When you are on a long-haul flight, skincare may not be at the top of your list of concerns " but you should reconsider that.
Maybe you're stepping off the plane and going straight into a meeting, or perhaps you need to look fabulous the next day for a friend's wedding. But even if that's not the case, you should still be mindful of looking after your skin's health while in the air.
What to look out for
Dr Joseph Wong Kwok-ho, a specialist in family medicine in Hong Kong, with a diploma in practical dermatology, says your top priority while in the air is hydration.
During a flight, a good moisturiser should be applied every two to three hours. This will help prevent dryness. If you suffer from eczema, more frequent application will be neededDr Joseph Wong Kwok-ho, specialist in family medicine, Hong Kong
He says this has less to do with altitude and more to do with the fact that you are in an air-conditioned environment, which strips the air of humidity.
"During a flight, a good moisturiser should be applied every two to three hours," says Wong, who finds fliers often do not apply enough moisturiser while flying.
"This will help prevent dryness. If you suffer from eczema, more frequent application will be needed."
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If you are a frequent flier, or perhaps even a flight attendant, there is something else, apart from dehydration, that you need to think of: cosmic radiation.
"Being up in the air at high altitude, our skin is subjected to higher levels of cosmic radiation than at ground level, and cosmic radiation can cause accelerated skin ageing," Wong says.
However, he says the levels will be negligible unless you spend as many hours in the air as a pilot or flight attendant.
Whether you fly once a week or only occasionally, you should always be mindful of sun protection factor (SPF) " unless you are taking an overnight flight.
Being up in the air at high altitude, our skin is subjected to higher levels of cosmic radiation than at ground level, and cosmic radiation can cause accelerated skin ageingDr Joseph Wong Kwok-ho
Wong advises people to avoid a window seat, as the ultraviolet radiation, which damages your skin, is extremely high.
If you cannot, then you need to apply a sunscreen with at least SPF 30+ and PA+++, and reapply this on top of your moisturiser every time you rehydrate your skin.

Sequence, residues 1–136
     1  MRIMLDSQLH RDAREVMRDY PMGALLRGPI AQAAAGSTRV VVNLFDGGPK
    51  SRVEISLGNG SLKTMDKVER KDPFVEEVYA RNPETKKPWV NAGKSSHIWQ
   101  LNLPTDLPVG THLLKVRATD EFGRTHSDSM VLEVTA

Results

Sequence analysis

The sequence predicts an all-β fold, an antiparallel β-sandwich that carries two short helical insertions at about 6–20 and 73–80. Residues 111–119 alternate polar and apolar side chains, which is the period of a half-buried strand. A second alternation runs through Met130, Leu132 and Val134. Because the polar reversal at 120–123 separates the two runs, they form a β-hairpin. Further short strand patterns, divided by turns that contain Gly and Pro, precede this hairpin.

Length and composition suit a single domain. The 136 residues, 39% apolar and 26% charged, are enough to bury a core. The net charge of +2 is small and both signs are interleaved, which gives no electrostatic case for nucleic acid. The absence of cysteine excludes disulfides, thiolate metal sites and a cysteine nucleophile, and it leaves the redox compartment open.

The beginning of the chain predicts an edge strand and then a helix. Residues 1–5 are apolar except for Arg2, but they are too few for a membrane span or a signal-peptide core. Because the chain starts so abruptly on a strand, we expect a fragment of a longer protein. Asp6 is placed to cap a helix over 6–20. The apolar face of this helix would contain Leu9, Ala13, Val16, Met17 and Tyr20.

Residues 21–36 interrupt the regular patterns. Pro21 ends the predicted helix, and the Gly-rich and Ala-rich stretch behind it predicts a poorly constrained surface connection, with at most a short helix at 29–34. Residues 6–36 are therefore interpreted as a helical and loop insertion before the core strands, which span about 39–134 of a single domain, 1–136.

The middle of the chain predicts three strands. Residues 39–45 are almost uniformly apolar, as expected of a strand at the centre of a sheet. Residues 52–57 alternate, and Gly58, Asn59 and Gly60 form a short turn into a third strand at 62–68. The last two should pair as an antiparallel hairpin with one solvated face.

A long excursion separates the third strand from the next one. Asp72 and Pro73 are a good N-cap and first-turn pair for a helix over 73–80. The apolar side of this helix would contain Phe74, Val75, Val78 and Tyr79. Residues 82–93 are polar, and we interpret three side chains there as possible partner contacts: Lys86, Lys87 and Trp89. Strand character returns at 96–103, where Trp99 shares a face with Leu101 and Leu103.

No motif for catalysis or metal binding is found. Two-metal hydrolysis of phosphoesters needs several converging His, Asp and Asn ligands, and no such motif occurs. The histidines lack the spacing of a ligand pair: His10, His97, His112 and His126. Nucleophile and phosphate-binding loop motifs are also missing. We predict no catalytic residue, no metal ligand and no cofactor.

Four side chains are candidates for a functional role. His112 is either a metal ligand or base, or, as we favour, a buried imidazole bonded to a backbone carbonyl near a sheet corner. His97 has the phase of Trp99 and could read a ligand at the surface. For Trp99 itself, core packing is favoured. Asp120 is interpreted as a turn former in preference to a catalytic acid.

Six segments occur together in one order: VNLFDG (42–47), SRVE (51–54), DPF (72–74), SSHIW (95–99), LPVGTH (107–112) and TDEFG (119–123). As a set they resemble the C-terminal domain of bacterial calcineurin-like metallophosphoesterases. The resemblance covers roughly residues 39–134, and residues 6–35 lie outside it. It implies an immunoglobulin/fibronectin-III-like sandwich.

If you are not flying during the day or you can keep your blinds down, you don't need the SPF and can just rely on reapplying a moisturiser every few hours.
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Now to debunk some myths
We have been told aeroplane cabins are full of germs and we are at risk of breaking out in bacterial skin infections if we are not hyper hygienic. That seems to be untrue.
"Without open wounds, skin is an excellent barrier against germs," Wong says.
He advises you to wash your hands before you apply any skincare products during the flight, but no other extra precautions are needed.
So don't feel as if you need to sanitise your hands (or face) with anything containing alcohol to ward off germs and bacteria; this will actually dry your skin out and is likely to cause irritation.
Also, nothing about being in the air " the altitude, cabin pressure, being squashed inside a metal tube with hundreds of strangers " alters the effectiveness or performance of your skincare products.
So pack a good moisturiser and SPF, and also a cleanser. You will feel much better stepping off a flight if you cleanse, moisturise and apply sunscreen, if necessary, just before descending at your destination.
If you have very dry skin, also consider packing a serum to apply before your moisturiser.
Finally, as tempting as it might be to indulge a little while in the air, avoiding alcohol will help your skin stay supple during your journey.
Don't want to pack your full-sized products? The chances are they might be more than 100 millilitres (0.35 fluid ounces) in size and won't be allowed in your hand-carry anyway.
Squeeze a bit of cleanser, moisturiser and SPF in a weekly medicine box that closes quite securely, or even a contact lens case. If you also fancy toner or make-up remover, you can soak some cotton pads in these products and also store them in those containers.
As hydrating as hyaluronic acid is, you may not want to apply products with this ingredient to your face on a flight.
Hyaluronic acid works by attracting moisture and locking it in, but in an air-conditioned environment with no humidity, where will that moisture come from?
That's right, from your skin, and you'll end up with oilier and more dehydrated skin.
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